Writing good scientific papers

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  • Tenses 
  • When describing methods and results, you should use the past tense.  The present tense is appropriate for accepted facts, such as the background information presented in the Introduction.  In addition, you may use the present tense when you discuss your results and conclusions.  Looking over other scientific papers may help you answer questions you might have on this topic.
  • Units 
  • All units of measure must be metric or SI (international System).

Scientific writing

  • Scientific writing
  • Scientific English
  • Style of writing and use of English in essays and scientific papers
  • http://en.wikipedia.org/wiki/Scientific_writing

I. Language

  • I. Language
  • Three aspects of style seem to cause problems:
  • Division of the text into sentences and paragraphs. Sentences should have only one idea or concept. In general, sentences in scientific prose should be short, but full stops should not be added so liberally that the writing does not flow. The use of paragraphs helps the reader to appreciate the sense of the writing.
  • Superfluous phrases and words should be avoided. Do not write phrases such as "It is also important to bear in mind the following considerations". Most woolly phrases can be omitted or replaced by a single word.
  • Try to use familiar, precise words rather than far-fetched vague words. "Cheaper" may replace "More economically viable", and ongoing situation" doesn’t mean very much.

Tense and mood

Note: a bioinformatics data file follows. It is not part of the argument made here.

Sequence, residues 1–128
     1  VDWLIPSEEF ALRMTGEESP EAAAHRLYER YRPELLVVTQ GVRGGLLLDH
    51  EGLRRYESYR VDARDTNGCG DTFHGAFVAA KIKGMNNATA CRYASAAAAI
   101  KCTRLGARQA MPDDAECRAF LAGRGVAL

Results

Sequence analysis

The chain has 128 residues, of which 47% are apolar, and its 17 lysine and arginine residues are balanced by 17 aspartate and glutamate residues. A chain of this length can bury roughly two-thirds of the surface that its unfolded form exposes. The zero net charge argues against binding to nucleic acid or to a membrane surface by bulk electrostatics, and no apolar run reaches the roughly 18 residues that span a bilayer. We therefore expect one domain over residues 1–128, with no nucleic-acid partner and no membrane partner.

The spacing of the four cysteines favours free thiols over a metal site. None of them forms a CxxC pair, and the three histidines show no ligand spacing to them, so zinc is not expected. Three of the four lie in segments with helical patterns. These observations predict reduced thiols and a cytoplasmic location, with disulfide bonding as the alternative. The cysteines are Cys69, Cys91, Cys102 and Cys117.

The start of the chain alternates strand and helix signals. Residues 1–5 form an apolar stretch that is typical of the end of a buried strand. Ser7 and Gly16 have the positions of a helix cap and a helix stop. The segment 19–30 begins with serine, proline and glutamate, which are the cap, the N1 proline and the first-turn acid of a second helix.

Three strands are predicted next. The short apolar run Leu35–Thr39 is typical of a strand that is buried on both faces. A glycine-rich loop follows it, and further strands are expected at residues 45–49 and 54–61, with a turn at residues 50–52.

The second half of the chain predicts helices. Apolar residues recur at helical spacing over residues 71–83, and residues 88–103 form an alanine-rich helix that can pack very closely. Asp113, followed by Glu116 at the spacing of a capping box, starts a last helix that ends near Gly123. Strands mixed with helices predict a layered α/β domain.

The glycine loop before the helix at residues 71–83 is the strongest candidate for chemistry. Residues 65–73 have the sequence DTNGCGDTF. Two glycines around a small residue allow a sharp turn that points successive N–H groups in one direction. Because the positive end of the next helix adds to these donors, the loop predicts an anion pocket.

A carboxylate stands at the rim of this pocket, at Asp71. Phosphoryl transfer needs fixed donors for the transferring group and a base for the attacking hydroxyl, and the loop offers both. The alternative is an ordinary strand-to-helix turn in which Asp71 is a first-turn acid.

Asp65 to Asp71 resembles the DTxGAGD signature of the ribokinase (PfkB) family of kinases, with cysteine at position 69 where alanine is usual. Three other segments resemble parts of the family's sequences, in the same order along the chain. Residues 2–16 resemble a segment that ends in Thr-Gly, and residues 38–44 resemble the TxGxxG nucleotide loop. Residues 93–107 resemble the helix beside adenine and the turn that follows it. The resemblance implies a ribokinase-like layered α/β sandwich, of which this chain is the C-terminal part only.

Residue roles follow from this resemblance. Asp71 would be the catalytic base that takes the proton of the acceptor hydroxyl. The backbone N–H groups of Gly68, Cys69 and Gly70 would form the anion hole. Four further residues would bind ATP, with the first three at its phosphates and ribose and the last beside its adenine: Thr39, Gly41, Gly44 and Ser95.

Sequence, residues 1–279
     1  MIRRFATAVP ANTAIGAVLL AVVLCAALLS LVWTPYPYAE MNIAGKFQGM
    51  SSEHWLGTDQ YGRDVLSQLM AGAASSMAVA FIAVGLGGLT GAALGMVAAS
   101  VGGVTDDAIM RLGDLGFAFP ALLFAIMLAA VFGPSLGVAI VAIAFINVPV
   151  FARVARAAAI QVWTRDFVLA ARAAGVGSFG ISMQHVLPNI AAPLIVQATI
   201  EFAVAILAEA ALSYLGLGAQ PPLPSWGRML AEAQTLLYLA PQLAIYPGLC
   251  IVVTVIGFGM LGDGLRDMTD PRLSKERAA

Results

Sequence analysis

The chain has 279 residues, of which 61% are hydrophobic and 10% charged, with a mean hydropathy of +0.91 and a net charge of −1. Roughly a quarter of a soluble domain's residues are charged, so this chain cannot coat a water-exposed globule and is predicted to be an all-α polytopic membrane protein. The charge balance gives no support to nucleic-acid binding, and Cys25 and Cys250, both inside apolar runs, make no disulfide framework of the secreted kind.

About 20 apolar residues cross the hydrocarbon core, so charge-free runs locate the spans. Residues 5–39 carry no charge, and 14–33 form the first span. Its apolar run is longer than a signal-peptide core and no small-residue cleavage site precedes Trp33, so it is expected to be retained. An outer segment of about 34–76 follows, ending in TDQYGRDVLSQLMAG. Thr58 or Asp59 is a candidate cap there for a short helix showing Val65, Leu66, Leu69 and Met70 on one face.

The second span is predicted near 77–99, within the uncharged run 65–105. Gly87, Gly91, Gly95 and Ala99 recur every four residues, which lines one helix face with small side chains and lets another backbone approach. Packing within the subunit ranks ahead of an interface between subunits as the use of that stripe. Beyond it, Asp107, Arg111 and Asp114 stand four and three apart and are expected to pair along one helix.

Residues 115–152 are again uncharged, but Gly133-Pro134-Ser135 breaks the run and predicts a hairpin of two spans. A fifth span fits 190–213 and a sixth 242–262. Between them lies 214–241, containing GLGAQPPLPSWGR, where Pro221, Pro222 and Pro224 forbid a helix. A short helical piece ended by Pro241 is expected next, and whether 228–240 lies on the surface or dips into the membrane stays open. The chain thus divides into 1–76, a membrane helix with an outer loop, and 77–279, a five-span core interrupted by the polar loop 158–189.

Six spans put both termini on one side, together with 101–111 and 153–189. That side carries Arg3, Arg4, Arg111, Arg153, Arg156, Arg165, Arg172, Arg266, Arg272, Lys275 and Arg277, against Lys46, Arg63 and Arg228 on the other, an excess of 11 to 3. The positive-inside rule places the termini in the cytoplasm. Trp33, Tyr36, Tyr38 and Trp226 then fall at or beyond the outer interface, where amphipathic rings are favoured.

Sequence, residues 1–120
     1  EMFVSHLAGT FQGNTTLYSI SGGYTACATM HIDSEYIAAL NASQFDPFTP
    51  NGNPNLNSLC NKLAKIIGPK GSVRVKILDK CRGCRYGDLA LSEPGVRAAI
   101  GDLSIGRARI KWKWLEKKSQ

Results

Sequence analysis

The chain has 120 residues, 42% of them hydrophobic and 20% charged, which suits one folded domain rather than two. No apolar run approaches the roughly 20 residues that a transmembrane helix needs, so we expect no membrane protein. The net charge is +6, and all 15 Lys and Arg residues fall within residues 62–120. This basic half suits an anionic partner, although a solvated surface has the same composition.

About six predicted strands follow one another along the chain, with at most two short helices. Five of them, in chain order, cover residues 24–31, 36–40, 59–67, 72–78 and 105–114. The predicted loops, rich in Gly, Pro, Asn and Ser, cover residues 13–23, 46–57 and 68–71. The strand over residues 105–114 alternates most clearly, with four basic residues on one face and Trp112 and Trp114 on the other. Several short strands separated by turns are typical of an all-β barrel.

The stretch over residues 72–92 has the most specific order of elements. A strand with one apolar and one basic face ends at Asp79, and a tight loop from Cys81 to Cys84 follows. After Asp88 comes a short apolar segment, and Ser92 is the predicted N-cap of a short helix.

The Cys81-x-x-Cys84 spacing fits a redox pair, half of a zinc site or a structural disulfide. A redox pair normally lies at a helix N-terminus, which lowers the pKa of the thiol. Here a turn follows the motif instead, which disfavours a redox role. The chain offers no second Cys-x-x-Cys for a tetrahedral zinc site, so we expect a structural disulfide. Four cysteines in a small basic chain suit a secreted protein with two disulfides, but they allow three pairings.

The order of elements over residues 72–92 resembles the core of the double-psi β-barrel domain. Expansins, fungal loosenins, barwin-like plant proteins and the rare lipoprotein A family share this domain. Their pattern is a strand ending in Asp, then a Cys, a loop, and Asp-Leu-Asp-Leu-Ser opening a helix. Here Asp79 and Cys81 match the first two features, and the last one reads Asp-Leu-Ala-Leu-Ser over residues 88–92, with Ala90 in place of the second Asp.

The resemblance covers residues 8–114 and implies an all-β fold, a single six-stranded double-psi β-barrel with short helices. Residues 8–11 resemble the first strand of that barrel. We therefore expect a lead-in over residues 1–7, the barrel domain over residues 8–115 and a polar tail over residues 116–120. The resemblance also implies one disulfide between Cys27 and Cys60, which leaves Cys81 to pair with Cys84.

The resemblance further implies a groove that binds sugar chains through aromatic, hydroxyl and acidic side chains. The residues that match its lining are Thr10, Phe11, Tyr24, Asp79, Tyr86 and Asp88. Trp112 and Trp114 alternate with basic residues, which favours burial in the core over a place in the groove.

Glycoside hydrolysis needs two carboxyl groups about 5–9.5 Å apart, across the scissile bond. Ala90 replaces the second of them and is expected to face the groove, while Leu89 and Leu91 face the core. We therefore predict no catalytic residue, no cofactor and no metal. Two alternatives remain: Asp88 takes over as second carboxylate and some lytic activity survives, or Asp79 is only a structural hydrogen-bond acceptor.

• Tense and mood
  • Write in past tense unless you are describing present or future situations. Use the active voice rather than the passive voice.
  • For example, instead of writing "The food was eaten by the pig", write "The pig ate the food". The active voice is easier to read and reduces the sentence length
  • It can be acceptable to write in more than one tense in the literature review e.g. "Brown (1995) showed that the brain is more fully developed at birth than other organs". In this case the present tense can be used for the second half of the sentence because its gives knowledge that is universally accepted.
  • Materials and methods should be written in the past tense. "The experiment was designed in the form of a 6 x 6 Latin square." Remarks about Results should mainly be in the past tense. "When a high protein diet was fed to rabbits they grew rapidly."

Sentence construction

  • Sentence construction
  • The purpose of any paper is to convey information and ideas. This cannot be done with long involved sentences. Keep sentences short, not more than 30 words in length. A sentence should contain one idea or two related ideas. A paragraph should contain a series of related ideas.
  • Choice of words
  • Words have precise meanings and to use them correctly adds clarity and precision to prose. Look at the following pairs of words that are often used in scientific texts. Learn how to use them correctly: Fewer, less; infer, imply; as, because; disinterested, uninterested ; alibi, excuse ; data, datum; later, latter; causal, casual; loose, lose; mute, moot; discrete, discreet. See, for example: Less active blood cells vs.